Rupert has come out thumbs blazing. Peta Credlin is the root of all evil, it would seem to him. Fuelled, no doubt by Bishop’s bitch session, punctuated by mutual toasts of a vintage Piper-Heidsieck, nearly as ancient as Rupert and topped up with his own abundant and free-flowing misogyny, Murdoch has clearly formulated a plan to get rid of Credlin. It can’t be all Tony’s fault. After all, he boasted, I created him. And Julie has told me herself what a cow Credlin is. Cherchez la femme!
Those cheese eating surrender monkeys, the French, have a phrase for it: ‘Cherchez la femme.’ Look for the woman whenever a bloke appears to be off his game. ‘Le Bloke’ may be trying to impress a mistress or simply cover up an affair with one. Murdoch knows all about this. Doubtless still humbled for the rest of his life by the News of the World phone-tapping scandal, he is happy enough with himself, his relationship with Rebekah Brooks that he can now muster enough chutzpah to sink the slipper into Peta Credlin. It can’t be Tony, his own show pony. It can’t be a man. Cherchez la femme! Peta Credlin is to blame, the old twat tweeted.
Amazingly, Rupe Le Pew’s tweets were identical with a column published by his very own Miranda Devine, one of countless hordes of News Corp hacks who fall over themselves to put the boot in when the boss goes off someone. In a pair of tweets yesterday, Murdoch channelled News Corp columnist Miranda Devine, who yesterday said it was time to get rid of Ms Credlin. Or vice versa.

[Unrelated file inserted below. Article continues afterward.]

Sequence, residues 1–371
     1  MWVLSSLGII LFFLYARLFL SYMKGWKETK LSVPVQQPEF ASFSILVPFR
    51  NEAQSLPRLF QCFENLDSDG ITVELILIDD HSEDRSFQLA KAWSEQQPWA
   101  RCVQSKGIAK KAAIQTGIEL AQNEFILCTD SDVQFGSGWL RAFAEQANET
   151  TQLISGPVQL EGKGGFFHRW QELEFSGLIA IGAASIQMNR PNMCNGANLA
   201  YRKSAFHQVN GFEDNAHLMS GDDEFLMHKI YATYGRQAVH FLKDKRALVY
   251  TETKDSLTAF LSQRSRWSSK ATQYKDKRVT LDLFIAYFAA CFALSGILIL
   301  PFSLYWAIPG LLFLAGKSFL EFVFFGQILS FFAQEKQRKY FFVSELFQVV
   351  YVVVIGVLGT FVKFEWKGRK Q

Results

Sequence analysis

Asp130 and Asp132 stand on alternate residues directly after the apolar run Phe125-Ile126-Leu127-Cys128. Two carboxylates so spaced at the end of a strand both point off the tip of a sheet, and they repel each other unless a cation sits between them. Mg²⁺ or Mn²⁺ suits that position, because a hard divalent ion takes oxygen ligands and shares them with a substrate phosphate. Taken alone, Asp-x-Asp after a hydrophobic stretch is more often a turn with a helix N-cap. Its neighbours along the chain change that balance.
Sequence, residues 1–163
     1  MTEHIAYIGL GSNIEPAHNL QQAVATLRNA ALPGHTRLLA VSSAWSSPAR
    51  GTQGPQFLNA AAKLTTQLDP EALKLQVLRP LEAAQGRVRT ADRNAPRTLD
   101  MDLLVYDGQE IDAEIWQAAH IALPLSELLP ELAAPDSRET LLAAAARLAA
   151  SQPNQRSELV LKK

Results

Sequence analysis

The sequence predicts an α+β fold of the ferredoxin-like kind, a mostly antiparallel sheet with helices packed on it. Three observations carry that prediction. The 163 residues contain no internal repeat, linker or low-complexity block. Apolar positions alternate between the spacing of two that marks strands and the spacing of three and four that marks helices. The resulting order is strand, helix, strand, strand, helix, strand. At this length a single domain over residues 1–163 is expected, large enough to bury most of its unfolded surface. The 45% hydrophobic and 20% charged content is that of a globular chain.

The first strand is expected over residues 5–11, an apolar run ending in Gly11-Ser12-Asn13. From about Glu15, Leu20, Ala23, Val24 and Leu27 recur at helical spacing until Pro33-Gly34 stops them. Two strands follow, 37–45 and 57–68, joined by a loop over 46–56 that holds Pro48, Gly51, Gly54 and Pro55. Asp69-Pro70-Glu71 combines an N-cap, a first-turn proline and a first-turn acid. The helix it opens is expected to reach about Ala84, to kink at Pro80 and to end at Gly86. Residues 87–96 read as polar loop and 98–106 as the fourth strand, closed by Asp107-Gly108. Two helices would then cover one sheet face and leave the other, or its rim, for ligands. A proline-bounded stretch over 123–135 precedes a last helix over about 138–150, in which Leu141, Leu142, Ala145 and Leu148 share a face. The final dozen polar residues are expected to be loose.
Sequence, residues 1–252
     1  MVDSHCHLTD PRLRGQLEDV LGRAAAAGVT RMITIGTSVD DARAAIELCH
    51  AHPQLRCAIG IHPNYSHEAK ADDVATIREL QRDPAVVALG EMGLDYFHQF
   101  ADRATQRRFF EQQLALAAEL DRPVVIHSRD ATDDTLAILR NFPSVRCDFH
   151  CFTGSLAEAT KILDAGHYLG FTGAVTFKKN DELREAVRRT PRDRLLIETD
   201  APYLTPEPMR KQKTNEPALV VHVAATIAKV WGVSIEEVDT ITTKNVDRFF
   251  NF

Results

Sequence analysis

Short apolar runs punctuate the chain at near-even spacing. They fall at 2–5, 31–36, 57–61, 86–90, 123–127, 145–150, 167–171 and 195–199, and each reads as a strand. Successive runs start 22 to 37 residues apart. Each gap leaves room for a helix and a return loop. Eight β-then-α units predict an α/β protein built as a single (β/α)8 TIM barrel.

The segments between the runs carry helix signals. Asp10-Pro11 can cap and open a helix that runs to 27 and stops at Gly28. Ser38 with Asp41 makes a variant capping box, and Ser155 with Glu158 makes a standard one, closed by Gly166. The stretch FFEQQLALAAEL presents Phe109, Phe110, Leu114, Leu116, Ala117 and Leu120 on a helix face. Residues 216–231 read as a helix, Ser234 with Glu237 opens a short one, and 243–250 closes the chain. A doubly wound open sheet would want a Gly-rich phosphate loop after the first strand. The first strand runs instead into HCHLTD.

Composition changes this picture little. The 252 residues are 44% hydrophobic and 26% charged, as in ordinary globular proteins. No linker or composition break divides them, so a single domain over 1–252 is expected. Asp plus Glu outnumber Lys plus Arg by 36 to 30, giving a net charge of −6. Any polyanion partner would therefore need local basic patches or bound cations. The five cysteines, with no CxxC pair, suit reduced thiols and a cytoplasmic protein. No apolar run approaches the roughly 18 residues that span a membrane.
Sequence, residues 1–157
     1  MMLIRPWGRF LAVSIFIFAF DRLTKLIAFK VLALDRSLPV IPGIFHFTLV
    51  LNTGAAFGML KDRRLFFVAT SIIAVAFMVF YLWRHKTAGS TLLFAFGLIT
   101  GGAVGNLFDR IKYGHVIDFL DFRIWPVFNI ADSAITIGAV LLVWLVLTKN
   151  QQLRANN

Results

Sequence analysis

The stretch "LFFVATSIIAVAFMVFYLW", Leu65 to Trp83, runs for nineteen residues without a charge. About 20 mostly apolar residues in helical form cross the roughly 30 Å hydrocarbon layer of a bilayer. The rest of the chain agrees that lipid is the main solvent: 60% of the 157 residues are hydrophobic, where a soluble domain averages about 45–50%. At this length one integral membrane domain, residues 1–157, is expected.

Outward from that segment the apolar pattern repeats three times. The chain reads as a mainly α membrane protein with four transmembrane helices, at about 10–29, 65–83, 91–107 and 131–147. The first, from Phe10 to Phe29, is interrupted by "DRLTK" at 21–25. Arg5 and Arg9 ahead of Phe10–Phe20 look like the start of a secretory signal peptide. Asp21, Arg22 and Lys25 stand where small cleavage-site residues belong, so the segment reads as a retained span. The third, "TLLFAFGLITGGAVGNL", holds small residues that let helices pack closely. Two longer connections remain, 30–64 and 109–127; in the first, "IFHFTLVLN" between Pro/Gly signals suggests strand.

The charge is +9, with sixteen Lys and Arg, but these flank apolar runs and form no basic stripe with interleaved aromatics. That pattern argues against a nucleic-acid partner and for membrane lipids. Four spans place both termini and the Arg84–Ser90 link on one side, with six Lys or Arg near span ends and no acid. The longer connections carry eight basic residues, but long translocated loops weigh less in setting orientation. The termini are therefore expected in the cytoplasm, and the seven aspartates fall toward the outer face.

“Tough to write, but if he won’t replace top aide Peta Credlin she must do her patriotic duty and resign,” Mr Murdoch tweeted, thumbing down Abbott’s Chief of Staff in cold blood. Many commentators will argue, of course, that the buck stops with Abbott and that the entire scapegoating of Credlin is a nasty, messy gendered business. Rupert has missed his mark. But this view underestimates the crafty old buzzard’s capacity for strategy. Whilst it pleases him to have Credlin in his sights, he knows, surely, that Abbott will never agree to stand her down and that he will not accept a Credlin resignation under such duress. Instead he must fall on his sword. Murdoch is effectively calling for Abbott’s resignation.
Thumb still smouldering, Rupe Le Pew tweeted, apparently after reflection and a single malt whisky. “Forget fairness. This change only way to recover team work and achieve so much possible for Australia. Leading involves cruel choices”.
Murdoch could be hoping cynically that Abbott, a former Rhodes Scholar would forsake his Rhodesian principles for an act of cruelty. Cecil Rhodes’ criteria, however, cover a fair bit of territory: literary and scholastic attainments; energy to use one’s talents to the fullest, as exemplified by fondness for and success in sports; truth, courage, devotion to duty, sympathy for and protection of the weak, kindliness, unselfishness and fellowship; moral force of character and instincts to lead and to take an interest in one’s fellow beings.